Leaving the road, approaching a farmhouse, we were loudly challenged by the farmer’s dog, shortly pursued by the owner! This was at a critical point of the route in terms of path-finding, so as soon as we were out of sight of the farmhouse, we double-checked that we heading towards the next cache, and more importantly back up to the Ridgeway.

Many easy finds followed, our only distraction from the route was watching a handful of red kites gracefully gliding in the sky, eying the ground for prey. We tried taking pictures of these beautiful birds, but none of the dozen or so photos we took, did them justice (A black blob on a blue background!).

We found every cache on our ascent which left us 8 to find on the Ridge itself. The first was hidden in the back of the memorial stone to the wife of the late John Betjeman. To us it seemed wrong to have a 35mm film canister stuck into a memorial crevice. Admittedly Penelope Betjeman wasn’t famous, but one wouldn’t place a cache in a memorial to say Nelson or Newton so why the wife of former poet Laureate ?

Memorial to Penelope Betjeman

Memorial to Penelope Betjeman

We found the next 4 caches on the Ridge before we descended off the Ridgway (again) to hopefully find enough caches to break our record. So far we’d found 19 from 21 with only 12 more to attempt… things were looking good…will we break our record ?

(to be continued)

Some of the caches found so far :

May 6 – Isle of Wight Walking Festival – Yarmouth/Freshwater… and a ghost hunt

Our last full day on the Isle of Wight and a busy one.

We’d selected 2 Festival walks (one in the morning, the other in the evening), and some geocaching in the afternoon.

Our morning Festival walk was a circular walk from Yarmouth to Freshwater and back (broadly following both sides of the Yar Estuary). We had no prior knowledge of the route beforehand, and it was only part-way through the walk we realised our planned caching was on the same path.

Yarmouth Pier - the start of the walk

Yarmouth Pier – the start of the walk

The focus of the Festival walk was Farming on the Isle of Wight. The leader pointed out different types of crops, different farming systems and talked of the problems of being an island. For example, there is no abattoir on the island, and the cost of transport to the mainland, makes any produce less price competitive against mainland prices. Many farmers are diversifying, enabling small pockets of land to be better capitalised.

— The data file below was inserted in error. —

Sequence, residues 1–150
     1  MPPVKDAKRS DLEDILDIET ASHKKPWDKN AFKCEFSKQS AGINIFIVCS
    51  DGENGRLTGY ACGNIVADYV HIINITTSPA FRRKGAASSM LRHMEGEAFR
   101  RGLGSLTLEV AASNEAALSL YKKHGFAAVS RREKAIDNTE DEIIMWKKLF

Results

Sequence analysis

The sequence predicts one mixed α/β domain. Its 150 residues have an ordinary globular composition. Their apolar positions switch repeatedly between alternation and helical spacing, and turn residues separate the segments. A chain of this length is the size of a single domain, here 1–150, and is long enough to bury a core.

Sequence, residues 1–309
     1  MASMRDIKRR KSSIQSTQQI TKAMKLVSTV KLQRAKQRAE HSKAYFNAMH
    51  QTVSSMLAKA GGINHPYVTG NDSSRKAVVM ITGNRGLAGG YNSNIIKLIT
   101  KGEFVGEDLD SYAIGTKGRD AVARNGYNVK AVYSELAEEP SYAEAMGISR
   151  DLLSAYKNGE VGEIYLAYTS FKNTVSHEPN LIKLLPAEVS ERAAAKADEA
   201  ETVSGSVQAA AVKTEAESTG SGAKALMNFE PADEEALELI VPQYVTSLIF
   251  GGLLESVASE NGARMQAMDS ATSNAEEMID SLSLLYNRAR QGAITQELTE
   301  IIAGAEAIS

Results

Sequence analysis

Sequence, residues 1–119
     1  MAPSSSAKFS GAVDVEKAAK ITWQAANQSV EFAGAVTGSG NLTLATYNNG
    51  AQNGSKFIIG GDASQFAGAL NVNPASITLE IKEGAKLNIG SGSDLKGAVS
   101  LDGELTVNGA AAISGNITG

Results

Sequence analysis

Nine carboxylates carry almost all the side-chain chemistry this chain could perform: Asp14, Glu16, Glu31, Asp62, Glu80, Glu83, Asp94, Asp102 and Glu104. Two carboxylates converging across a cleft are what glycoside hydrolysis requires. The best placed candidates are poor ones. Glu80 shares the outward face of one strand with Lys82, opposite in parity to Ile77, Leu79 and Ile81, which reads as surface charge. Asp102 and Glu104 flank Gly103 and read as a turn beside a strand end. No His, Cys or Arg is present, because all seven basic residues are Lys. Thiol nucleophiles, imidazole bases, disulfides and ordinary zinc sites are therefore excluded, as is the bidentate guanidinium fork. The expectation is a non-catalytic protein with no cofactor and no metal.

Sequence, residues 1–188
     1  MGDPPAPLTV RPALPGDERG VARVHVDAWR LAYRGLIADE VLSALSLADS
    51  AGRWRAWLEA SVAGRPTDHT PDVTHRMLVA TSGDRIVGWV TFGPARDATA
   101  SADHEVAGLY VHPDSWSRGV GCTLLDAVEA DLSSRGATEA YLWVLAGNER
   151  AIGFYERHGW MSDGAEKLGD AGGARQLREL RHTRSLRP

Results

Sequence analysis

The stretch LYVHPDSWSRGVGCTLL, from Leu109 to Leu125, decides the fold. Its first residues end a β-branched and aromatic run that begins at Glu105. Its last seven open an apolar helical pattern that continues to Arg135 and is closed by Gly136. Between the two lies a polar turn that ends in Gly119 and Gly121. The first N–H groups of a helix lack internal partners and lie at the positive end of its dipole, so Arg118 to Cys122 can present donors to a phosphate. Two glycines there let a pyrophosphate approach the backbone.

Yurts - a great way to make money from a small field

Yurts – a great way to make money from a small field

Our geocaching afternoon started at Freshwater Bay. Or more accurately in it !

Stand a few yards to your right and estimate the cliff size !

Stand a few yards to your right and estimate the cliff size !

Our first target was an Earthcache based on the cliffs rising from the bay. However the position where one had to estimate heights, strata levels was on the beach.

It was high tide.

A very high tide.

Blown onshore by gale-force winds.

We were wet just standing on the promenade. Fortunately the answers we submitted were accepted.

Our next few caches were drive-tos. High on the coast road, just outside Freshwater Bay was a simple cache and dash. But the gale-force wind meant we struggled just to open the car door, and when we did find the cache it needed both sets of our hands to prevent the contents being blown away.

We retreated to the village of Freshwater, and undertook a 5-stage Church multi.
Had our brains been blown out by the wind ? Were the co-ordinates really out ? Either way we failed to find too many of the stages to make the final co-ordinates work. This is not the first time we’ve not completed a large multi… we really must improve !

The river Yar, with Church beyond

The river Yar, with Church beyond

Our final caches were on a familiar footpath … from the morning’s walk. Two simple finds to restore confidence to our wind-tossed bodies !

Spot the Bison !

Spot the Bison !

After a quick meal break we went on our last Festival walk. A Ghost walk.
The venue was Arreton Barns. Now an multi-entertainment centre including craft shops, pubs, shipwreck centre and much more besides.

In former times, the site had been a monastery, a manor and thriving village. These historic venues formed the basis of the ghosts, and unexplained premonitions, which were vividly brought to life in our 2 hour ghost walk. Many of the scenes were acted out by three students, but it was one of those nights when things went a little awry. Axe-heads broke, cowls were blown off, music left playing a bit too long. We’re not sure it should have been funny.. but as entertainment – it was different !